It says of the 16 prosecutions, six cases involved forced labour, and 10 cases involved sex trafficking – all of which involved Basotho victims. Also achieved by the government as stated in the report, is the conviction and sentencing of one trafficker to 10 years in prison and a fine, further stating that the sentence was, however, suspended on condition that the trafficker returns to their home country within two months of release.

The report states that as much as the government has achieved much in terms of eliminating trafficking in persons, for the seventh consecutive year, it did not address a jurisdictional issue of impeding efforts to hold traffickers accountable, although officials drafted and submitted to parliament an amendment to the Subordinate Court Act, which would address the issue, but it remained pending approval at the end of the reporting period. It notes that the magistrate courts, which are the court of first instance for trafficking cases, lacked authority to impose the maximum penalties allowed in trafficking crimes.

It reads that for a majority of the reporting period, courts adopted an abbreviated schedule due to pandemic-related public health restrictions. However, they continued to hear cases and introduced online hearings to continue deliberations without physical attendance at court houses. “Additionally, due to a shortage of magistrates and a large backlog of criminal cases, only three magistrates were assigned to hear trafficking cases,” the report. However, of concern to the US government is corruption and official involvement in trafficking crimes.

As per the report, two investigations into officials allegedly complicit in trafficking-related offenses, initiated in the previous reporting period, remained ongoing and have not been completed to date. Lesotho has also been reported to have increased victim identification and protection efforts. It is said to have identified 24 trafficking victims, including 10 labor trafficking victims and 14 sex trafficking victims, compared with two victims during the previous reporting period. In terms of prevention, the government has been reported to have increased anti-trafficking prevention efforts.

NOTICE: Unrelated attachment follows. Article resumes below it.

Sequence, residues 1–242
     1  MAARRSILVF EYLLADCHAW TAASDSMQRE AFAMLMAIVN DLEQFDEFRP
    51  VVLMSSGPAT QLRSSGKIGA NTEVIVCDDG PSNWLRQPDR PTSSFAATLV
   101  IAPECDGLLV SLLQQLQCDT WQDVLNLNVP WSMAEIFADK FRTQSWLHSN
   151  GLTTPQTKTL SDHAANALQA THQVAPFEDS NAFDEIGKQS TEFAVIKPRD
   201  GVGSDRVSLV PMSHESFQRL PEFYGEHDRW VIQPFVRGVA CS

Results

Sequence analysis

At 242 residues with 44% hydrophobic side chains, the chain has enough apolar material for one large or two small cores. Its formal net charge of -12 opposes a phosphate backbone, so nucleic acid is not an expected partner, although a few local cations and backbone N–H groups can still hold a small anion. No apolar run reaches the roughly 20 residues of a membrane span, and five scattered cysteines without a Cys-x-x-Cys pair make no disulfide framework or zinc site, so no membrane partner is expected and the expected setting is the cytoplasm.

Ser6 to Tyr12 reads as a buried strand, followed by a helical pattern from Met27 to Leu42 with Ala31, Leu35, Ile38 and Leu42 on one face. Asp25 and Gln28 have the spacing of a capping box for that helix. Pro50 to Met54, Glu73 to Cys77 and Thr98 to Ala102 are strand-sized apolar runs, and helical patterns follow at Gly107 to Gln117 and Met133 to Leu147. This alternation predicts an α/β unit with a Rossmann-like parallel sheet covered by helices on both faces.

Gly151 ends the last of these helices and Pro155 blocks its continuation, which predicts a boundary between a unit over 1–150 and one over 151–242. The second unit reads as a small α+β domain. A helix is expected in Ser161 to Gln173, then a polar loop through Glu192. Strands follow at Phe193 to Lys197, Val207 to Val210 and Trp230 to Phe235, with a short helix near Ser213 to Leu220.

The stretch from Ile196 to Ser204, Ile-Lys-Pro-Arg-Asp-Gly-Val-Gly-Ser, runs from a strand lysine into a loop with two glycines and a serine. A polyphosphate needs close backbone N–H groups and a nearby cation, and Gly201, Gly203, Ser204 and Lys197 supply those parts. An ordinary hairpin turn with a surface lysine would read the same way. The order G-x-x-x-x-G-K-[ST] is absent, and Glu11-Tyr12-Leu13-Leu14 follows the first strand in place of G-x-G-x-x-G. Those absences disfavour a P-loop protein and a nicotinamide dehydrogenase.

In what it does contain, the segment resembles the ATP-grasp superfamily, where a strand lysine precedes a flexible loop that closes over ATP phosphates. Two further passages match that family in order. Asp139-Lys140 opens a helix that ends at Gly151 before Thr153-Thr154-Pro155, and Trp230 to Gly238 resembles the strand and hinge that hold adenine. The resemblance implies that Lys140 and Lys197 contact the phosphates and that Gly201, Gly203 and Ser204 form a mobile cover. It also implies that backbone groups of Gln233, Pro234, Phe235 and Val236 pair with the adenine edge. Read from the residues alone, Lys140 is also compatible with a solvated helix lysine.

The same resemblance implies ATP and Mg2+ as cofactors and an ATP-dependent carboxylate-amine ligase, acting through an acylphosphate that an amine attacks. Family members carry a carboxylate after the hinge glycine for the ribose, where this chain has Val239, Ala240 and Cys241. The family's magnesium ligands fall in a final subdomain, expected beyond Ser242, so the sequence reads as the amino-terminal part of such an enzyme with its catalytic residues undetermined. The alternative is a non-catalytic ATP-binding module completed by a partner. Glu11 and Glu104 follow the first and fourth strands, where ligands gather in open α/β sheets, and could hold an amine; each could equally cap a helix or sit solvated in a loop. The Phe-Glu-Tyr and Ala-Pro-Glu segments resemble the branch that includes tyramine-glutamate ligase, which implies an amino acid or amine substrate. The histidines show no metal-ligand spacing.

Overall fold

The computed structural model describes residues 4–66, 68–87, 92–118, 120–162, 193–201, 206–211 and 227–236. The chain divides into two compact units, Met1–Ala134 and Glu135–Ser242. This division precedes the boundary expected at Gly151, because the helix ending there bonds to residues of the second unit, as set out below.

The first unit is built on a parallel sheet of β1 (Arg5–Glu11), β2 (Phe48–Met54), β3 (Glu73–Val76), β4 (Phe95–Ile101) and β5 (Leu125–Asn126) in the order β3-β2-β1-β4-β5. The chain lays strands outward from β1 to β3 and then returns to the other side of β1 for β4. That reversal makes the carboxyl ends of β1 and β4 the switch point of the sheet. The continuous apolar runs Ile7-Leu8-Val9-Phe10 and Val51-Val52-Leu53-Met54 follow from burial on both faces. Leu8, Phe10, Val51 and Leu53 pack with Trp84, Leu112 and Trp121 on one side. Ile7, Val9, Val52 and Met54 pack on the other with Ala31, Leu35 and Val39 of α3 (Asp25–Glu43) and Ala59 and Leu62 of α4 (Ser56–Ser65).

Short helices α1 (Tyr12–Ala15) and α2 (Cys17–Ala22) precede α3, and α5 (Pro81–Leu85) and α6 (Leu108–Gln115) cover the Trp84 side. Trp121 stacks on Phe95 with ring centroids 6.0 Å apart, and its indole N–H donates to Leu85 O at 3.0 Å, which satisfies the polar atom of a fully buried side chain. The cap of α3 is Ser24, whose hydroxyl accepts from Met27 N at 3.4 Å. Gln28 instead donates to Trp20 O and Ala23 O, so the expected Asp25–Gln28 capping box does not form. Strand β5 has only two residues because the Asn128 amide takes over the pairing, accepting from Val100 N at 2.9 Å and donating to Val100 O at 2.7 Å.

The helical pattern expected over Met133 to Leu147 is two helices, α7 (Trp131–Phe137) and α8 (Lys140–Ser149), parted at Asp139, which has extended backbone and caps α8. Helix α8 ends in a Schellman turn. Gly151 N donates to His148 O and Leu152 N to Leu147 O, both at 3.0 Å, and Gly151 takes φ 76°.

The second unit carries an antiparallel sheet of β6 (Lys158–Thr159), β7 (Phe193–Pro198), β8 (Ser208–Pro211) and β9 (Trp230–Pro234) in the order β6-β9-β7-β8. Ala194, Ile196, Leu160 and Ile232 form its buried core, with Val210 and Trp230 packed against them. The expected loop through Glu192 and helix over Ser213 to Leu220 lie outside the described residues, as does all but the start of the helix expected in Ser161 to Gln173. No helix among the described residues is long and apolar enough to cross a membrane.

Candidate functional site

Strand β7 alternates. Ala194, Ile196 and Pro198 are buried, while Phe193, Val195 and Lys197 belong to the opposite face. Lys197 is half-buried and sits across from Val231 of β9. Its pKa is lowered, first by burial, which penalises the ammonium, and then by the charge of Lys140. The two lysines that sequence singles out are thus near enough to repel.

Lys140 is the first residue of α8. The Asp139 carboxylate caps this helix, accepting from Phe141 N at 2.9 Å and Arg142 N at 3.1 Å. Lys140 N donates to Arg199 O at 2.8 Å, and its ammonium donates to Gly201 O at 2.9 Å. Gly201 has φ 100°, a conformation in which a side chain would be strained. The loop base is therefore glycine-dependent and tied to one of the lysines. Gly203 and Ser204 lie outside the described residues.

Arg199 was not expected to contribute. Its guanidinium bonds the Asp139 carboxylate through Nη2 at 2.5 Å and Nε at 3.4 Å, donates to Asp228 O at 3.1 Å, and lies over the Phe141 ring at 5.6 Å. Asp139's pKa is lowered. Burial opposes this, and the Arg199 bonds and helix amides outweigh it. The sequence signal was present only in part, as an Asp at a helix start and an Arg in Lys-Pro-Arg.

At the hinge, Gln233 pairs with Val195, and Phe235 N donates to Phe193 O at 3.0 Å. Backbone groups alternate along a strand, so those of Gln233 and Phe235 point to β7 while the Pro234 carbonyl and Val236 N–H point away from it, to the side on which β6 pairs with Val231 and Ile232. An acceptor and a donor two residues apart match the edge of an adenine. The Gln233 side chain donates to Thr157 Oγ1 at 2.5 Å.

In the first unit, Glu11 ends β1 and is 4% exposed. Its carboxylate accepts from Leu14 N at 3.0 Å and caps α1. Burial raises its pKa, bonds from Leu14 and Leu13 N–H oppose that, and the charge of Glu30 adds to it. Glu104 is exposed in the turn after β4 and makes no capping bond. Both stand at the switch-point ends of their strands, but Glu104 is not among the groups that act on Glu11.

“The prime minister’s cabinet subcommittee to combat trafficking in persons convened regularly – setting the agenda for the government’s anti-trafficking efforts – and launched the National Strategic Framework and Action Plan (NFSAP) to Combat Trafficking in Persons for 2021-2026, with assistance from international partners. “The NSFAP provided a roadmap for anti-trafficking efforts that delineated responsibilities among government ministries and included dedicated resources for implementation. “The government’s multi-sectoral committee (MSC), led by MHA and charged with implementing the government’s anti-trafficking efforts, met regularly in Maseru and held additional meetings across the country with support from an international organization,” notes the report.